Lucasfilm, the production company founded by “Star Wars” creator George Lucas, produced its last film before its acquisition by Disney in 2012. Titled “Red Tails,” it told the story of the Tuskegee Airmen, the first Black pilots in U.S. military history, who fought in World War II.
One of the first five men so honored was Charles H. DeBow, an Indianapolis native who later served the city for decades as an educator.
DeBow was born in 1918 and grew up in the city’s “colored district.” When he was 6 years old, his mother gave him a dime to go to the movies. Walking up to the ticket window, he held out the coin. The girl inside replied, “No negroes. This is a white theater.” As DeBow later told the story, he wasn’t so much angry as bewildered. “Color didn’t have anything to do with a man’s humanity,” he said.
As a child, DeBow delivered newspapers, starting work at 4 a.m. In high school, he worked until midnight as a delivery man, then as a janitor and utility man in a shoe store. During breaks, he daydreamed, mostly of flying.
“Every time I watched a plane until it disappeared behind a cloud,” he said, “I felt an ache in the pit of my stomach. But I had as much chance of flying as buying the department store.”
DeBow tried to enlist in the military, but more than a half-dozen times was told the quota was filled. Eventually, he enrolled at Indiana University, where his father wanted him to become a doctor, washing dishes at a fraternity to help pay his way. Then he switched to Hampton Institute in Virginia. There, he learned the Civilian Aviation Corps was giving Blacks a chance to fly.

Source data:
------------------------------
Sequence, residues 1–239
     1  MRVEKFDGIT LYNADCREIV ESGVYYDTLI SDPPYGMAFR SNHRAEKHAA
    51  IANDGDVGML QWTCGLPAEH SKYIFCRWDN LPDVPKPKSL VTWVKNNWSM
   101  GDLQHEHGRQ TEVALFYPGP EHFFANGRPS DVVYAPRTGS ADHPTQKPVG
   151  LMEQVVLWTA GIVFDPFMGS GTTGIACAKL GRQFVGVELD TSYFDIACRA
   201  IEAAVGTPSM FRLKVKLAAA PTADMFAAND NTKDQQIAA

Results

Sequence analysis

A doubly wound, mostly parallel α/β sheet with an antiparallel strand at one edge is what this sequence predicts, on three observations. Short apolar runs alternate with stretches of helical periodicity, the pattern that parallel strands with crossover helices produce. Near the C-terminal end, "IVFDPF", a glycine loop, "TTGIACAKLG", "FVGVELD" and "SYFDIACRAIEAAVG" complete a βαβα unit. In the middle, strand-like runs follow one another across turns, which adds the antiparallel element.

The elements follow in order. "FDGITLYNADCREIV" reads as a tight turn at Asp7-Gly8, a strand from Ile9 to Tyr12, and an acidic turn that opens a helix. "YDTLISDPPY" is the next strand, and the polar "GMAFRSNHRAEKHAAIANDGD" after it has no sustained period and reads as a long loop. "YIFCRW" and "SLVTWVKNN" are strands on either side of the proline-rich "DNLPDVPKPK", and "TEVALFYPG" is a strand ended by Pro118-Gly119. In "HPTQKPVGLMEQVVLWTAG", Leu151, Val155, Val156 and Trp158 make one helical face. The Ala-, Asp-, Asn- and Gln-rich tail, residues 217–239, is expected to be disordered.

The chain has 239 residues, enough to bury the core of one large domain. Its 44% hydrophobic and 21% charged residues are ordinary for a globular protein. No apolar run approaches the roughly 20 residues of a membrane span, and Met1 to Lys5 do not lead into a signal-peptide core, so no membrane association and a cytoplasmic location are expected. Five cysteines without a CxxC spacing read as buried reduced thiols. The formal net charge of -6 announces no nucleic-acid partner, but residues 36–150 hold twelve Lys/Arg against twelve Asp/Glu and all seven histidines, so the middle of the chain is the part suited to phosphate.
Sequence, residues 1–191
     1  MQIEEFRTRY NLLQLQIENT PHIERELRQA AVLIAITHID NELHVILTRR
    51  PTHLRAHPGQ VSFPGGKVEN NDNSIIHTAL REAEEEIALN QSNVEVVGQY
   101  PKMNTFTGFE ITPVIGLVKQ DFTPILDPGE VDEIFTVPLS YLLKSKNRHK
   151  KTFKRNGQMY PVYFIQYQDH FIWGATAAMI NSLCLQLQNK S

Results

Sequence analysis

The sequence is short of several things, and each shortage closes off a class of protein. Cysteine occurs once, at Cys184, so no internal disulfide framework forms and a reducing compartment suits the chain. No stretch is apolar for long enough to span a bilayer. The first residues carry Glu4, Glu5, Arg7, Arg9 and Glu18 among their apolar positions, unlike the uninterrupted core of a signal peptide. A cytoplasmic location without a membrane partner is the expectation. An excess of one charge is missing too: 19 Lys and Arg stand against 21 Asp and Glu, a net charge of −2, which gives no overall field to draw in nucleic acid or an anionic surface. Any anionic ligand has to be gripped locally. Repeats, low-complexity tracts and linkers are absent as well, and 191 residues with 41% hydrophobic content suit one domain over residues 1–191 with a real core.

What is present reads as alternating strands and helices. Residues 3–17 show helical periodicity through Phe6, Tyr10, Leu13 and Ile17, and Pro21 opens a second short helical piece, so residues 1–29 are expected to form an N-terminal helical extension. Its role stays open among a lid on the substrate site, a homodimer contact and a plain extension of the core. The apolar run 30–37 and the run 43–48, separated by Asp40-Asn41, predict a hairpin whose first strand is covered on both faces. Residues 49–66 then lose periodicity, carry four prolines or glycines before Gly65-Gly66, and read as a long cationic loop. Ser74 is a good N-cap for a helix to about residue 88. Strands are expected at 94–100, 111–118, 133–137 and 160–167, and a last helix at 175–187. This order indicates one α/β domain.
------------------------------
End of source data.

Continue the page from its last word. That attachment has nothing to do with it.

Three hundred aspiring pilots signed up, but many were eliminated by the physical exam. DeBow was among 20 eventually chosen. His first flight engendered more anxiety than a sense of liberation, but he learned to relax. Soon, his hands on the controls, he felt a “shiver of exhilaration.” After eight hours of training, he took up a plane alone. Before long, flying was all he could think about.
After a move to Chicago, he began applying to enlist in the Air Force. He was told there were no openings for Negroes, but then he read in the newspaper one day that the policy had changed. He soon received a letter that he had been accepted into the training program at Tuskegee. When he arrived, the base lacked even an airstrip, but within a year, Flying Fortresses were landing there.
The original class was 13 men. From 5 a.m. to 10 p.m., they studied and drilled in their PT-13s. Many men washed out, but five made it through the Army Air Corps pilot training program and earned their silver wings, becoming the nation’s first Black military pilots. DeBow, who was among this elite group, said, “I want to prove that we can take a tough job and handle it just as well as a white man.”
After flying 52 combat missions in red-tailed P-51 Mustangs over Europe, DeBow suffered a career-ending injury. He returned to Indianapolis, earning degrees from IU and Butler. He taught English at Howe High School on the city’s east side, then became a lecturer at IUPUI before dying in 1986 at age 68. He was survived by his wife, six children and 11 grandchildren.
In 1983, in recognition of his history-making role with the Tuskegee Airmen, DeBow attended a space shuttle launch at the invitation of President Reagan. He had triumphed over the prejudices that dominated his youth, recalling that, back then, “Negroes didn’t become aviators. They became elevator operators, janitors and porters. I knew all that with my head, but I kept my dreams in my heart.”•
Indy Beacons celebrates the history of Indianapolis in the year leading up to its May 2021 bicentennial by telling the stories of famous city residents. It appears the second and fourth issues of every month. Gunderman is chancellor’s professor at Indiana University.